Some Walker teachers oppose new standards-based grading system

Some Walker teachers oppose new standards-based grading system

May 5th, 2015 by Tim Omarzu in Local Regional News

Damon Raines

Damon Raines

Photo by Staff File Photo /Times Free Press.

LAFAYETTE, Ga. -- "We'll give 'em a D and set 'em free."

Document: Walker County school lawsuit evidence

Jim Barrett sued Walker County Schools in federal court because Superintendent Damon Raines wouldn't let him speak at a February school board meeting — even after the Saddle Ridge Middle School teacher "jumped through all the hoops, he jumped through all the hurdles," his attorney Gerry Weber said.

That's how Walker County Schools' new grading system works, said Jim Barrett, a social studies teacher at Saddle Ridge Middle School and the president of the Walker County Education Association, the local teachers association.

Document: Walker County School lawsuit

Jim Barrett sued Walker County Schools in federal court because Superintendent Damon Raines wouldn't let him speak at a February school board meeting — even after the Saddle Ridge Middle School teacher "jumped through all the hoops, he jumped through all the hurdles," his attorney Gerry Weber said.

"Let's be honest: This is a great way to prop up graduation rates," he told the group of about 20 people, many of who were teachers, who gathered at the Bank of LaFayette community room at an April 27 meeting.

The school district moved this year toward "standards-based grading," a system that's growing in popularity nationwide and has been adopted in such places as the 655,000-student Los Angeles Unified School District.

Proponents say it measures what students actually learn and how well they will do on standardized tests -- not on such factors as how much homework or extra-credit assignments students do. Walker County Schools' goal is to get students to reach "standards mastery," Superintendent Damon Raines said. Homework assignments, while still required under the category of "progress monitoring," won't be used to "fluff up" students' grades, Raines said.

If students show they know 80 percent of a standard they're supposed to, he said, they can retest on the 20 percent they don't know.

"People say, 'Why are you allowing them to reassess?" Raines said. "If I fail my driver's test, I can do it again. I'm going to reassess them on the 20 percent they missed, and give them the opportunity to show me what they know."

But teachers and parents at the April 27 meeting said the new grading system has made students "apathetic" and "lazy" because they can retake tests repeatedly and class assignments aren't given much importance. That hurts conscientious students who study hard to do well the first time, attendees said. Absences don't count against grades, teachers at the meeting said, and the district doesn't want homework assigned.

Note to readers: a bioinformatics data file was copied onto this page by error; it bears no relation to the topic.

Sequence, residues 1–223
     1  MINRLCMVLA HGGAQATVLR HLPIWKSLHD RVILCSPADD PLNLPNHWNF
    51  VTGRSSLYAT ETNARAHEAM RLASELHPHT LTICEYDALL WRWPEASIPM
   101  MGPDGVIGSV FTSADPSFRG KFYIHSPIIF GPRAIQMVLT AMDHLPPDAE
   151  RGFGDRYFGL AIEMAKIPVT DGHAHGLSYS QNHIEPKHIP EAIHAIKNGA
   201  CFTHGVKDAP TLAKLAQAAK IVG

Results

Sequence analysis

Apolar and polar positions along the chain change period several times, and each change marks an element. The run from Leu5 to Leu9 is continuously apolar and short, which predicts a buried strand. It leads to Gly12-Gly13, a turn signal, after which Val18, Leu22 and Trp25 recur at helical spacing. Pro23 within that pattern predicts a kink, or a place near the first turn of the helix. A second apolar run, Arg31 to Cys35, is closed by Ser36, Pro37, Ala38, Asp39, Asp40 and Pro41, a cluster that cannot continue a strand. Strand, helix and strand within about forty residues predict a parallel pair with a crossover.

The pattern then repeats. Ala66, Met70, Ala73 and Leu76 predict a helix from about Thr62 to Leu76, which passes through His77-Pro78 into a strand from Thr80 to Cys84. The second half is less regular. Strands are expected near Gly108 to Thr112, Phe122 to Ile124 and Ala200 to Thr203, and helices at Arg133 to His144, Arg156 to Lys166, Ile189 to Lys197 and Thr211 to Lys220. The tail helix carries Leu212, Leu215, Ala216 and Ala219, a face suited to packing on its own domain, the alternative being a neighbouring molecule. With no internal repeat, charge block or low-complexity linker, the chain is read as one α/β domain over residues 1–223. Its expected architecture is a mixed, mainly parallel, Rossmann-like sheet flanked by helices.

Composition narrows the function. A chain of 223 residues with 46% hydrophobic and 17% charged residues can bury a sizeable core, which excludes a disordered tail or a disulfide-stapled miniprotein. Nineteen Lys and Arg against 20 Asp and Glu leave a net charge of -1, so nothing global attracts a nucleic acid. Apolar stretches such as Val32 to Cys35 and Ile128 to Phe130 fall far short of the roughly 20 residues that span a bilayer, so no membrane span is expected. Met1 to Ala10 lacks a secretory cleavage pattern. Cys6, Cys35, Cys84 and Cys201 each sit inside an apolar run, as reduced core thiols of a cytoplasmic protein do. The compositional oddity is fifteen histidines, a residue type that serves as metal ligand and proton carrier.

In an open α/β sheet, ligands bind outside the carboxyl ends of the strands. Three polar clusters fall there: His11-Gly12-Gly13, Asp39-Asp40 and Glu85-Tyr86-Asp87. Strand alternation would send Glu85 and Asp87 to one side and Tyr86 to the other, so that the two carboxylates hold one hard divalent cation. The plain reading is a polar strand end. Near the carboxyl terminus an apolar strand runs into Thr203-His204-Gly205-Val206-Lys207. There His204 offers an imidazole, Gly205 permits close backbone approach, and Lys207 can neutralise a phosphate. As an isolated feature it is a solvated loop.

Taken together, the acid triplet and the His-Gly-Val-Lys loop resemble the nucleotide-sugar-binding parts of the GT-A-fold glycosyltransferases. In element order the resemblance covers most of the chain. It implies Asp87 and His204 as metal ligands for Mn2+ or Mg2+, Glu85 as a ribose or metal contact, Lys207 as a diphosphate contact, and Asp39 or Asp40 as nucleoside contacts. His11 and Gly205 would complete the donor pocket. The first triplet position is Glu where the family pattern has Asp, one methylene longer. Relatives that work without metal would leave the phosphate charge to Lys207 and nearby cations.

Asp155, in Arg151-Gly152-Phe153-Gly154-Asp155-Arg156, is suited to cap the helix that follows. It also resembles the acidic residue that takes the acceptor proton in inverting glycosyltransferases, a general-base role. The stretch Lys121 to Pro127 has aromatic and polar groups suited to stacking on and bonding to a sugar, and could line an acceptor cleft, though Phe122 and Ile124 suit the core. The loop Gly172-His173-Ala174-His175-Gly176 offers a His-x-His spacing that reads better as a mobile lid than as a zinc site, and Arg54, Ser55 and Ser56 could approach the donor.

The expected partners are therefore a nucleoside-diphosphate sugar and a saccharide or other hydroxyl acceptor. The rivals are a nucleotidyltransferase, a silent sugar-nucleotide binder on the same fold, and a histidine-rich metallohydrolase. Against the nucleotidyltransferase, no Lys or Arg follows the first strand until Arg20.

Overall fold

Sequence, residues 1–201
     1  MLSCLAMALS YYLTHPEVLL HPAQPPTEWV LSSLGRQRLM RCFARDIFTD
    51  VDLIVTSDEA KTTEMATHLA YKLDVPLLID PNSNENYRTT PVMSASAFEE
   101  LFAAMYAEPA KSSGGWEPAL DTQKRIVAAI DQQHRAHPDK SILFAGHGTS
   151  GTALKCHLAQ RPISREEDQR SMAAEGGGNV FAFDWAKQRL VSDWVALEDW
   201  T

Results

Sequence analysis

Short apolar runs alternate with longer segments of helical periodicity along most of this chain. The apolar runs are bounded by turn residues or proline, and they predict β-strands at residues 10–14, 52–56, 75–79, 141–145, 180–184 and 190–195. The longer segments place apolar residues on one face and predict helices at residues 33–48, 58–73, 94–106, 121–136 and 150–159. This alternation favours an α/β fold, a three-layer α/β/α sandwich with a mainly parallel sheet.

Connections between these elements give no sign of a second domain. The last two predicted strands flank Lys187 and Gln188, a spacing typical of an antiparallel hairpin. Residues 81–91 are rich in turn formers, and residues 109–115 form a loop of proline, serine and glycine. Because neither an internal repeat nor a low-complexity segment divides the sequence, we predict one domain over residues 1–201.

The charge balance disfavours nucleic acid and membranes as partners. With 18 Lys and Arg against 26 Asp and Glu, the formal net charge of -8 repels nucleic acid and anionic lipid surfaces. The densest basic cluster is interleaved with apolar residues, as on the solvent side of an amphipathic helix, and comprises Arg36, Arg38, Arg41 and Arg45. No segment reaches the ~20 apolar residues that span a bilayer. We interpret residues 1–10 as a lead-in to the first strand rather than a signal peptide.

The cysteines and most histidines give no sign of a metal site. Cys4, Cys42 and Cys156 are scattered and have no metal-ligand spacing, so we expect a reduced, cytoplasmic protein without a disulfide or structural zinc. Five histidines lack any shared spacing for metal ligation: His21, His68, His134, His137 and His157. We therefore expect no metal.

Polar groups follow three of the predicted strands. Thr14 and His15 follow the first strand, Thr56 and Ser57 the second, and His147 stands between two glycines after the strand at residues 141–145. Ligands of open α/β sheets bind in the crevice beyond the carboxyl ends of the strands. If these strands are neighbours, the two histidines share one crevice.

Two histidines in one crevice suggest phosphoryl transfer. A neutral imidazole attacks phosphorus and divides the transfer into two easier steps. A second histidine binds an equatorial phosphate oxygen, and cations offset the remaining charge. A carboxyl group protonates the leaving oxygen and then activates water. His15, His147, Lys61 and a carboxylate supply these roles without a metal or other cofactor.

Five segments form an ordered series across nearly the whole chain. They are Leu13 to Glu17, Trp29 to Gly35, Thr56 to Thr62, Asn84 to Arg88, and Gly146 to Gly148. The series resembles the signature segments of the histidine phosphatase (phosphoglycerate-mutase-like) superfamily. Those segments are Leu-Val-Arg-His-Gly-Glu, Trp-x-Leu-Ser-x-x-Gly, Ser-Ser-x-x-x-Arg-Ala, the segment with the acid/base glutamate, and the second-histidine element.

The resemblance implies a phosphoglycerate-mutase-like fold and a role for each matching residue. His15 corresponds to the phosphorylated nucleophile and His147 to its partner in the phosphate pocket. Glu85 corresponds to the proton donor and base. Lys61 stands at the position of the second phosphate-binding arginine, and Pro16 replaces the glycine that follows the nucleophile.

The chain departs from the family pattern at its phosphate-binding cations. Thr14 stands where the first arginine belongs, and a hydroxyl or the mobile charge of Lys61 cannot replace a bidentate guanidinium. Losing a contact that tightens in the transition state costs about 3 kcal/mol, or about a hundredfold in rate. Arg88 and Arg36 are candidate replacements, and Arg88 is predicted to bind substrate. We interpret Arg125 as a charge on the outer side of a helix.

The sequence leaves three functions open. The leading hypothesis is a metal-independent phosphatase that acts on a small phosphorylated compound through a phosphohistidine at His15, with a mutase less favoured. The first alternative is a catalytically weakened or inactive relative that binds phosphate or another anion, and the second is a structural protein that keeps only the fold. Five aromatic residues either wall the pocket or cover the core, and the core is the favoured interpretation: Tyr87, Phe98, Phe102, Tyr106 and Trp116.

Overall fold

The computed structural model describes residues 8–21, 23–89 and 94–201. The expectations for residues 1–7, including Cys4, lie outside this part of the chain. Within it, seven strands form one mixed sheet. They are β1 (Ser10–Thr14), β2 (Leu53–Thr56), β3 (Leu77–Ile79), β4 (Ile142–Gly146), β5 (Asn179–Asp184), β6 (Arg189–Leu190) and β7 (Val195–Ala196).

Donna Speegle, who teaches honors U.S. history at LaFayette High School, said on April 27 that she gave 28 students a 15-minute assignment that only four students completed.

"When four turn it in, because it doesn't count, you have a problem," Speegle said.

Students used to ask, "Is this for a grade?" said Brad Baker, a Walker County teacher whose daughter is in the Honors Academy at Ridgeland High School. Now, Baker said students ask, "Is this progress mastery, or is this standards mastery? If this is progress mastery, we're not going to do it."

Hybrid model

Parents and teachers at the meeting said the new grading system was rushed into place and poorly implemented.

Raines, who didn't attend the meeting, didn't agree with the criticisms, which he blamed on misunderstandings about the new grading system that was put in place when school began and is still under development.

Raines said confusion about the new grading system may stem from it being "rolled out differently in some schools."

Also, the district hasn't gone all in on standards-based grading. Walker County did away with A, B, C, D and F grades for homework and switched to a 4-1 grading system, in which 4 means excels, 3 is proficient, 2 is approaching proficiency and 1 is below proficient. But the percentage grades that parents are familiar with still show up on the district's computerized report cards.

"We rolled out what we call a hybrid model," Raines said.

Raines said a committee will help put together a grading handbook for next year. Ultimately, he thinks the standards-based grading will better prepare students for college or a career than the previous grading system.

Raines said teachers shouldn't give students tests unless they've handed in their homework. And absences still count against students, he said.

"Six unexcused absences and you don't get credit for that class," Raines said, citing school district policy.

Standards-based grading aligns with Common Core Georgia Performance Standards, Raines said. The state adopted those standards in 2012. Standards-based grading also ties in with new teacher performance assessments that fully take effect next year, he said.

With help from the Georgia Association of Educators, the statewide teachers association, Barrett filed a federal lawsuit in March against Walker County Schools because he says Raines wouldn't let him voice his concerns about the new grading system to the school board at the board's Feb. 17 meeting. The lawsuit is pending.

While Raines disagreed with the criticisms, he didn't fault the teachers who made them.

"I think that there are some folks that are passionate about what they do," the superintendent said.

Contact staff writer Tim Omarzu at tomarzu@timesfreepress.com or www.facebook.com/tim.omarzu or twitter.com/TimOmarzu or 423-757-6651.